4. British beer
A beer revolution has taken place that has transformed ale from something only your grandfather would drink into something complex and compelling enough to be swirled, sniffed and sipped just like wine.
Breweries producing their own take on ale have popped up all over the UK, some of them in major centres, some in distant small towns, some in small houses in Nottingham and some, believe it or not, at the top of remote hills in the Peak District.
You can fine a real ale in nearly any style to suit beer drinkers ranging from the unsure novice to the experienced connoisseur. If you want it smooth, opt for something malty; however, if you like your beer sharp and challenging, something with a lot of hops in it might be your best bet.
I could rattle off more great beers here than would be necessary, so instead I suggest readers visit a local pub or supermarket that has a decent real ale selection and experience. Suggested producers consist of Marston’s, Fuller’s, Meantime, Wye Valley Brewery, Thornbridge Brewery, Young’s.
And if Chapel Down weren’t ubiquitous enough in the drinks market, they have also launched their own range of beers, consisting of a lager, an India pale ale and a porter.
There are many more worth listing, and I know many on this list are larger, commercial outfits (or even small, local outfits difficult to find nationwide), but it is impossible to please everyone all the time.
What is a bank holiday weekend, particularly one where we celebrate the Queen’s 60 years on the throne, without that most classic of British drinks – Pimm’s?
This is the moment when I confess I’ve only knowingly drunk Pimm’s on one occasion in my life, just a couple months ago. But my excuse is we don’t have this drink in Canada – that I know of – so it is somewhat alien to me.
Classi Pimm’s consists of one part Pimm’s and three parts lemonade mixed with mint, cucumber, orange and strawberry. But don’t let that stop you from branching out. There are also recipes making use of pomegranate juice, ginger ale and, for winos like me, sparkling wine.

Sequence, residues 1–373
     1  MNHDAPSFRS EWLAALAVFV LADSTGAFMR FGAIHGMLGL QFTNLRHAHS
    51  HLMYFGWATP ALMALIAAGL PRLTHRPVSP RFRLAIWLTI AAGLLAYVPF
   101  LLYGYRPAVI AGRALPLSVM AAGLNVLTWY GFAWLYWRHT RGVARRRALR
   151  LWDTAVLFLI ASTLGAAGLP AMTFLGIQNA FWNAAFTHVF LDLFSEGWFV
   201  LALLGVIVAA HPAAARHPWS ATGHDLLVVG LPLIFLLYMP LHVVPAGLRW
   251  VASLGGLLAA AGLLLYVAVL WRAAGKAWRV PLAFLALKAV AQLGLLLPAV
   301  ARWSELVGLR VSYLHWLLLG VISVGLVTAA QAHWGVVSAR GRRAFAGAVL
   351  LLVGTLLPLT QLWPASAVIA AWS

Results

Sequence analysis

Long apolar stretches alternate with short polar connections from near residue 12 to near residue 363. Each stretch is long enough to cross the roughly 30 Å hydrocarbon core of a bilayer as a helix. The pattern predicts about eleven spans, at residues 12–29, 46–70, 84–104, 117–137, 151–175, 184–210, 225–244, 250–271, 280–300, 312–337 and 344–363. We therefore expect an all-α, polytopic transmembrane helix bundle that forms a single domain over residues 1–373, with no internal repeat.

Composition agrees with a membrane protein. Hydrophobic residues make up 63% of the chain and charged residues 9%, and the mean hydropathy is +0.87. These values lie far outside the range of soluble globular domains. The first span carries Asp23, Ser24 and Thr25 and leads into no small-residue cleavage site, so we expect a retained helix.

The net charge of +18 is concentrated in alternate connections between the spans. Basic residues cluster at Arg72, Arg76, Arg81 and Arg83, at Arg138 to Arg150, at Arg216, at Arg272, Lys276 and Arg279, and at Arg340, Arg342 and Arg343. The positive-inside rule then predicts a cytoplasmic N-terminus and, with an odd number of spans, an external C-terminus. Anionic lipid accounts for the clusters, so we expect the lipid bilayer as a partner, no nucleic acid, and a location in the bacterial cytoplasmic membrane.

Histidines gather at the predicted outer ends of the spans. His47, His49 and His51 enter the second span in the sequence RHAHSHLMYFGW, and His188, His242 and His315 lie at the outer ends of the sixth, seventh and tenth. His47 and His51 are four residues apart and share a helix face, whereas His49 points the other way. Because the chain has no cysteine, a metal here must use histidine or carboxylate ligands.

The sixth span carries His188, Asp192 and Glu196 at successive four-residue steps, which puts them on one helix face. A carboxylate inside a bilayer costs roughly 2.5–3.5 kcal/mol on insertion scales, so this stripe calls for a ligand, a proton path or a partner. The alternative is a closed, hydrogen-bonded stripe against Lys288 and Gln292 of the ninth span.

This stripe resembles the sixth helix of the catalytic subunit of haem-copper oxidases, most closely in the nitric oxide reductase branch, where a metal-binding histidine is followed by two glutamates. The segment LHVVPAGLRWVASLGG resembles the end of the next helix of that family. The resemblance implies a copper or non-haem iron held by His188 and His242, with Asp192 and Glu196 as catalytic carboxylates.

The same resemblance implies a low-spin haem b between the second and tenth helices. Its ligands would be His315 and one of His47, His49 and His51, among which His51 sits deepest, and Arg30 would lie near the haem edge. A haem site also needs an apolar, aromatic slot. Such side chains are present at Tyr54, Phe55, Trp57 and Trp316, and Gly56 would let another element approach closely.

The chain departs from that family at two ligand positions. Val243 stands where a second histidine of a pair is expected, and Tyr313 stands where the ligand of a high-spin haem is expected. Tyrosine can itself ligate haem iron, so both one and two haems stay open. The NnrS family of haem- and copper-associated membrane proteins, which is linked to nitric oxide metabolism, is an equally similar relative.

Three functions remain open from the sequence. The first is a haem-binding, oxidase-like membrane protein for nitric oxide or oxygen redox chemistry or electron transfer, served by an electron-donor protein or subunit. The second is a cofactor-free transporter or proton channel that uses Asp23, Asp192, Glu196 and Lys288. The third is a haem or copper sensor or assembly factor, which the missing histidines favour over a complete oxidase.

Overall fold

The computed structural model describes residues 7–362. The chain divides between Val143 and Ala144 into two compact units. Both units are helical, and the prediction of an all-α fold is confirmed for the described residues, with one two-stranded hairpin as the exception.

Knowing as many people as I do who drink cider, this one cannot be left off the list. Just like beer, there are far too many great ciders to list here so I will choose only a small selection.
Dunkerton’s Organic Black Fox Cider (£2.25, Waitrose)
Made the old fashioned way using a press, this company has been around for more than 30 years now and makes a range of ciders and perrys. This particular cider is medium-dry, meaning it has a sweet edge to it, with a good burst of fruit on the palate.
Aspall’s isn’t from a classic cider region, being based in Suffolk, but few can resist drinking this one over ice. Light and refreshing, this is a nice accompaniment to a hot summer day.
7. A non-alcoholic option
I have to confess I was nearly stumped on this one. What is a distinctly British drink to have during the Jubilee that doesn’t contain alcohol? Well apart from tea, which is likely a given for most people anyway, why not something made from elderflower cordial?
Something to try:
Apple and elderflower cordial mojito is made very much like any one containing alcohol, just with a different range of ingredients. You’ll need apple juice, elderflower cordial, sugar or syrup, lime juice, mint leaves, soda water and ice.
You can make this from fresh limes and sugar, but to make something more consistent it is best to use lime juice and a sugar syrup to make sure the flavours mix properly.
- 35ml apple juice
- 25ml elderflower cordial
- 2 brown sugar lumps
- ½ lime juice
- 12 mint leaves
- Crushed ice
- Soda water, mint sprigs and sliced apple, to serve
Mix the juice, cordial, sugar, lime juice, mint leaves and ice together vigorously to make sure the mint flavours are spread throughout.Top up with soda water and ice.
(Pic courtesy of Gene Hunt via Flickr)